A notable finding in this study was the persistence of HEV infection. Generally, HEV infection is self-limiting and symptoms are transient. Persistent HEV infection occurs in solid-organ transplant recipients who have received immunosuppressive drugs (8) or in patients with other conditions associated with immunosuppression, such as HIV infection (9) and hematologic malignancies (10,11). However, there is no evidence of immunosuppression in monkey M1543, and the cause of the persistent HEV infection in this monkey is unknown.

The fact that the infectious HEV strain was detected in a monkey facility and caused an HEV outbreak cast doubt and apprehension on the safety of handling monkeys. Although no staff member showed development of symptomatic hepatitis E, precautions should be taken by facility workers who work with monkeys to prevent infection with HEV.

Dr Yamamoto is an associate professor at the University of Toyama, Toyama, Japan. His research interests are zoonoses, especially surveys of simian herpes B virus and hepatitis E virus infections of laboratory animals; and mouse and monkey Mx genes.

Acknowledgments

We thank Noriko Tsuneda for editorial assistance and Naomi Oohara for technical assistance.

This study was supported in part by a grant-in-aid from the Ministry of Education, Culture, Sports, Science and Technology of Japan (17630007 to H.Y.) and in part by grants for Research on Emerging and Re-emerging Infectious Diseases, Research on Hepatitis, and Research on Food Safety from the Ministry of Health, Labour, and Welfare of Japan.

References

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  6. Li TC, Suzaki Y, Ami Y, Dhole TN, Miyamura T, Takeda N. Protection of cynomolgus monkeys against HEV infection by oral administration of recombinant hepatitis E virus-like particles. Vaccine. 2004;22:3707. DOIPubMed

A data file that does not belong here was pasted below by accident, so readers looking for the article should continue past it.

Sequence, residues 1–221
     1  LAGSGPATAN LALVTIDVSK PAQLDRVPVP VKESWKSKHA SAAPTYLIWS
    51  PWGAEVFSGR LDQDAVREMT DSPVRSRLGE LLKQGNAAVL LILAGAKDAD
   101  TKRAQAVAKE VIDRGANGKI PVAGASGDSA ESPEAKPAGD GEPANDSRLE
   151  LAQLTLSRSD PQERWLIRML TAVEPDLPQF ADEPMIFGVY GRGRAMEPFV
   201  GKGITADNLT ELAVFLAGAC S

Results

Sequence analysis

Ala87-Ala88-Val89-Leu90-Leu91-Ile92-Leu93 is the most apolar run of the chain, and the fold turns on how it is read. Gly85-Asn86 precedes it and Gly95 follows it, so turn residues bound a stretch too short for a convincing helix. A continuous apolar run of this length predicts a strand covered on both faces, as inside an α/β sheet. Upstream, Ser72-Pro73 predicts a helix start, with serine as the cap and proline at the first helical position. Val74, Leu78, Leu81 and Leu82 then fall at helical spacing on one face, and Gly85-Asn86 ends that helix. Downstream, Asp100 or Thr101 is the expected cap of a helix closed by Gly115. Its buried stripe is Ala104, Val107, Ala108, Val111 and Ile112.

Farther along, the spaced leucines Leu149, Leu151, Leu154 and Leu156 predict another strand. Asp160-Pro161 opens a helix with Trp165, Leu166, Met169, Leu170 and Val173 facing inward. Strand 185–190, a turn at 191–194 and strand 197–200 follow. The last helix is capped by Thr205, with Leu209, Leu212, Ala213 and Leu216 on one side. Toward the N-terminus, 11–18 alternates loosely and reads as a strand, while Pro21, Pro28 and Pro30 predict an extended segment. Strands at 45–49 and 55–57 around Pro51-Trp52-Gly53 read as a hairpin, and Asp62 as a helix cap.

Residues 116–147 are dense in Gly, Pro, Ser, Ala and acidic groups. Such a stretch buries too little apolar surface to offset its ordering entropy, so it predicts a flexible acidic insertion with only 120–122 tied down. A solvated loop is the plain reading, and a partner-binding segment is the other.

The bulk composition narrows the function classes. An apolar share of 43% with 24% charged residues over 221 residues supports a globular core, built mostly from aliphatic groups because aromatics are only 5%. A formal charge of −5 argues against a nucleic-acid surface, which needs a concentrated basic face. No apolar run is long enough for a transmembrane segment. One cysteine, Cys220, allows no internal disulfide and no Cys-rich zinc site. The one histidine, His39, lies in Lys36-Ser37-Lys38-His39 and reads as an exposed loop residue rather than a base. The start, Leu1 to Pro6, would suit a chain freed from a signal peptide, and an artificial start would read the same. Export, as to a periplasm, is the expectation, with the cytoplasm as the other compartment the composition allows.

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  8. Kamar N, Selves J, Mansuy JM, Ouezzani L, Peron JM, Guitard J, Hepatitis E virus and chronic hepatitis in organ-transplant recipients. N Engl J Med. 2008;358:8117. DOIPubMed
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  11. Ollier L, Tieulie N, Sanderson F, Heudier P, Giordanengo V, Fuzibet JG, Chronic hepatitis after hepatitis E virus infection in a patient with non-Hodgkin lymphoma taking rituximab. Ann Intern Med. 2009;150:4301 .PubMed

Figures

Tables

Technical Appendix

Suggested citation for this article: Yamamoto H, Suzuki J, Matsuda A, Ishida T, Ami Y, Suzaki Y, et al. Hepatitis E virus outbreak in monkey facility, Japan. Emerg Infect Dis [Internet]. 2012 Dec [date cited]. http://dx.doi.org/10.3201/eid1812.120884

DOI: 10.3201/eid1812.120884

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Table of Contents – Volume 18, Number 12—December 2012

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Tian-Cheng Li, Department of Virology II, National Institute of Infectious Diseases, Gakuen 4-7-1, Musashi-Murayama, Tokyo 208-0011, Japan